Over the last few years, central banks across the globe have taken the lead from the US Fed and have acted to avert financial-system catastrophes to the greatest extent possible. However, central banks are now facing the difficult challenge of attempting to stimulate somewhat dormant economic systems. Central-bank executives remain aware that artificial calm may create increased risks in the areas of leverage and liquidity, as the calm feeds an attitude of excessive risk-taking, over-leveraging and resource misallocation. A further risk of this misapprehension is that of certain trades in the marketplace becoming crowded out and squeezed into drastic default situations should market conditions turn around. Both the global financial crisis of 2007 and the Asian financial crisis of 1997 were preceded by periods of slumping volatility, and according to Société Générale, the 1929 Wall Street crash was similarly preceded by a period of market calm.
The question remains as to whether the actions of central banks over the last few years have been effective in adding stability to the market. If the changes to the financial system prove to be false, as well as the sense of security stemming from depressed volatility levels, then the global economy faces wide and deep risks into the future. Have the emergency measures and subsequent actions put in place by banks across the globe been applied effectively? Or are they too feeding a false sense of security? Could the reality of hidden instability be compounded on both fronts? Central-bankers may be able to harness the marketplace in current conditions, but what if a sudden turn in conditions occurs? A certain amount of volatility in the market is self-preserving, acting as a deterrent to excessive risk-taking and maintaining some control on participant activity. The problem is uncertainty. Market participants are unsure of just how effective policy is and has been and equally how much real volatility and risk is inherent in the market. As low volatility persists, market participants are left wondering how much artificial central-bank support is being applied to global markets – and when real financial circumstances will be brought to the fore.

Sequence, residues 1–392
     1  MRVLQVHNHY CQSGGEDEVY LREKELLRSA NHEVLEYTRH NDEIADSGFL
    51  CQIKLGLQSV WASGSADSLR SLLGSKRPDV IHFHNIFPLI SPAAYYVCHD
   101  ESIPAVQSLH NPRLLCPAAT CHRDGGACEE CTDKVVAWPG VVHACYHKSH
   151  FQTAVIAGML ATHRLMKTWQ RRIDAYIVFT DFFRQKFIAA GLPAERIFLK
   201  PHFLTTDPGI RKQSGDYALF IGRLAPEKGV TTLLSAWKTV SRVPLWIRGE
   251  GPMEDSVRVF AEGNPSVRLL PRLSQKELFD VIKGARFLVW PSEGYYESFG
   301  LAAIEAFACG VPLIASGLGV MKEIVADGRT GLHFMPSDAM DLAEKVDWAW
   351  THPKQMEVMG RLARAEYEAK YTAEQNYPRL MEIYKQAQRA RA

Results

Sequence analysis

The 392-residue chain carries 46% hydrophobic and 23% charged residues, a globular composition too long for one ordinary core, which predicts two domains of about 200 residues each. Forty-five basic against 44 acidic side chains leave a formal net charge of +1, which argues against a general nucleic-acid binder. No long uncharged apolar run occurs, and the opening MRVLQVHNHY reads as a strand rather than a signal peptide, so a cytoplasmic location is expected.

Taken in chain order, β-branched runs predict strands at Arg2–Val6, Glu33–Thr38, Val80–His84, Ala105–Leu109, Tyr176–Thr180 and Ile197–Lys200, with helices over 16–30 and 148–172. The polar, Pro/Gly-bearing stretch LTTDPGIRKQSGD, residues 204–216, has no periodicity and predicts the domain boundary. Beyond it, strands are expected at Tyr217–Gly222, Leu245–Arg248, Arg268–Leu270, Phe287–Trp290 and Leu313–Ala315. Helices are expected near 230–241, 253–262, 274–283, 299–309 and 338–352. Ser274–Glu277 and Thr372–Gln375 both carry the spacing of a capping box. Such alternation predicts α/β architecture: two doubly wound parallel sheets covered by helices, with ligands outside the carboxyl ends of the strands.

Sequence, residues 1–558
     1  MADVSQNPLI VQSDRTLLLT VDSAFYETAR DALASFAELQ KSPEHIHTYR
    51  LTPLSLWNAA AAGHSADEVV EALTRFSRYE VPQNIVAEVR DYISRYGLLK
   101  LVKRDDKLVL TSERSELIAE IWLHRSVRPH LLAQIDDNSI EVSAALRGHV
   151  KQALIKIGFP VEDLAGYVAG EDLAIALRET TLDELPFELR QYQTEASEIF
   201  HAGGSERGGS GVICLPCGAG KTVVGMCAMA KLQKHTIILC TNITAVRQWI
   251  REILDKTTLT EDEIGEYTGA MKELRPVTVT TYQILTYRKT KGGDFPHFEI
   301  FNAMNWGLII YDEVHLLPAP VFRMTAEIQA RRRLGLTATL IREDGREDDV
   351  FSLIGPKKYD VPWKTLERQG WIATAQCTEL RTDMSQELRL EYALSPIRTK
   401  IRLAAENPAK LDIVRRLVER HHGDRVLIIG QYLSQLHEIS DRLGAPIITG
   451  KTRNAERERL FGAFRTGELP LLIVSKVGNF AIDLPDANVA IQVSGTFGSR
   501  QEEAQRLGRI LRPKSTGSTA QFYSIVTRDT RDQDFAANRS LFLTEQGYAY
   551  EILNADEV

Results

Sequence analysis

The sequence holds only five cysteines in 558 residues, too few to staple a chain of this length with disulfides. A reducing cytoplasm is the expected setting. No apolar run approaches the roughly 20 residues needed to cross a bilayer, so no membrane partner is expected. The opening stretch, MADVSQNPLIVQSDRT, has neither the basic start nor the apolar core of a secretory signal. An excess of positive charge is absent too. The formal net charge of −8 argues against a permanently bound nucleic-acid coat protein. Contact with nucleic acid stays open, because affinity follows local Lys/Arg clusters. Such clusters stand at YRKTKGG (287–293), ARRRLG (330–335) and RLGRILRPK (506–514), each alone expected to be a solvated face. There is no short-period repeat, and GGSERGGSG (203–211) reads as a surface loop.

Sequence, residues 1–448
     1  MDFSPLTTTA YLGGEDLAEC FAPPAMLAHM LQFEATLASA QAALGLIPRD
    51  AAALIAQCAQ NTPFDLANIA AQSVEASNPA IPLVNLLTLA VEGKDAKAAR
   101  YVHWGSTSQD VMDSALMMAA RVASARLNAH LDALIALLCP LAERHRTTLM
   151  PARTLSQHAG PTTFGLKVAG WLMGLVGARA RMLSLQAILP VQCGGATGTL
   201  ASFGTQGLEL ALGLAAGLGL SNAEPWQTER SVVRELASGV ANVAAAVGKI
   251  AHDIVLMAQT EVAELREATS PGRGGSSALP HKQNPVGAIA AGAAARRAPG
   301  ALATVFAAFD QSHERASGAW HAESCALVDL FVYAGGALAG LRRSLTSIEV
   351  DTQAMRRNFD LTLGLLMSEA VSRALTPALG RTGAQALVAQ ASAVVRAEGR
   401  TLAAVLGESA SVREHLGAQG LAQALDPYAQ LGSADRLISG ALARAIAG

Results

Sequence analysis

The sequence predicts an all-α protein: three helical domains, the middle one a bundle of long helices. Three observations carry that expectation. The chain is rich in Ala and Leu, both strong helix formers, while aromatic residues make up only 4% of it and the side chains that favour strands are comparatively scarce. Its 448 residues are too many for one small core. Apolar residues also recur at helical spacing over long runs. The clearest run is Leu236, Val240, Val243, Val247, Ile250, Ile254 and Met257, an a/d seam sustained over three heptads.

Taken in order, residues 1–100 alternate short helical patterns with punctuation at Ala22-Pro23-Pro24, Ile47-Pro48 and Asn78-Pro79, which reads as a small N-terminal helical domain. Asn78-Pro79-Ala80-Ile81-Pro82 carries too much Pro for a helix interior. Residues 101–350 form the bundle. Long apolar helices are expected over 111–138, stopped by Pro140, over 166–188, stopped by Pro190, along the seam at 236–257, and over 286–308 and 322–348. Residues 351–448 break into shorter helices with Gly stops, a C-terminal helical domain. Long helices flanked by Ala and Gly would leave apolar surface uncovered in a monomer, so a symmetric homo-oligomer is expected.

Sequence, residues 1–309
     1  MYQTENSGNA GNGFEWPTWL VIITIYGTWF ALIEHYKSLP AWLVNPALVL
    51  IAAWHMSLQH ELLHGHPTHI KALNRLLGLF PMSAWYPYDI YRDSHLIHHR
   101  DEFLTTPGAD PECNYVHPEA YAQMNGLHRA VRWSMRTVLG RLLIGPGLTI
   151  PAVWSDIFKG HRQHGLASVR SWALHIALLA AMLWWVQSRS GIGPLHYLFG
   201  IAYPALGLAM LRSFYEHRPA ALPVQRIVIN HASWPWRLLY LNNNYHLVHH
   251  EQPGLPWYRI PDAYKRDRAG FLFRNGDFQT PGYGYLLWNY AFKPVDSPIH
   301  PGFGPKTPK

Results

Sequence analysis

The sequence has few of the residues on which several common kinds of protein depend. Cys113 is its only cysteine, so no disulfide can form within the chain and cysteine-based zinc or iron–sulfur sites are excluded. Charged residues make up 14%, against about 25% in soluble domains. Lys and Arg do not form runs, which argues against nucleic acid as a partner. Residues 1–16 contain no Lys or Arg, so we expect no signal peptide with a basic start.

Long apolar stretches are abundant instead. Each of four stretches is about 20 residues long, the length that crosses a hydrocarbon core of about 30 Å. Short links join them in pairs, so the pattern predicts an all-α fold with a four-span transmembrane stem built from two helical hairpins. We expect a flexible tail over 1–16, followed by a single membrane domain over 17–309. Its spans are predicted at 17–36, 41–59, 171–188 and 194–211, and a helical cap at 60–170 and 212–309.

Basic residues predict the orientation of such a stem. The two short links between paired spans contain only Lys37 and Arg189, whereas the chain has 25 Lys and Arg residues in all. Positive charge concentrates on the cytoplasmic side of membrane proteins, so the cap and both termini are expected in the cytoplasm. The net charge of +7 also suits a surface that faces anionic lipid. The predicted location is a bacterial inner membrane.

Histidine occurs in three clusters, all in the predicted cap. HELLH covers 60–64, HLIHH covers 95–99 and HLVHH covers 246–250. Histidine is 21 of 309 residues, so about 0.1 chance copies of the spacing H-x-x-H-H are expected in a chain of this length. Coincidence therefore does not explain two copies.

Optimists in this area argue that the global economy has reached a “new normal” set of conditions and that lower market volatility has been the result of increased regulatory efforts. They believe improved regulation has successfully made the financial system safer. Further to this, they argue that this “new normal” climate (with the new reforms in place) is not comparable to previous periods of calm. The reforms applied to the market since the last financial crisis have elevated the costs to banks – especially and directly those related to dealing services. There has been a widespread reduction of trading activity on banking-institution books. Trading volumes and volatility have also fallen in the currency markets, and regulation has ramped up in this area following allegations and charges of benchmark fixing and manipulation. These current and particular changes to trading activity make it difficult to compare this phase with historical periods of low volatility. There are further important differences when comparing the current climate with the past, such as an absence of extreme leveraging and opaque off-balance sheet exposures that were prevalent during the pre-2007 crisis time.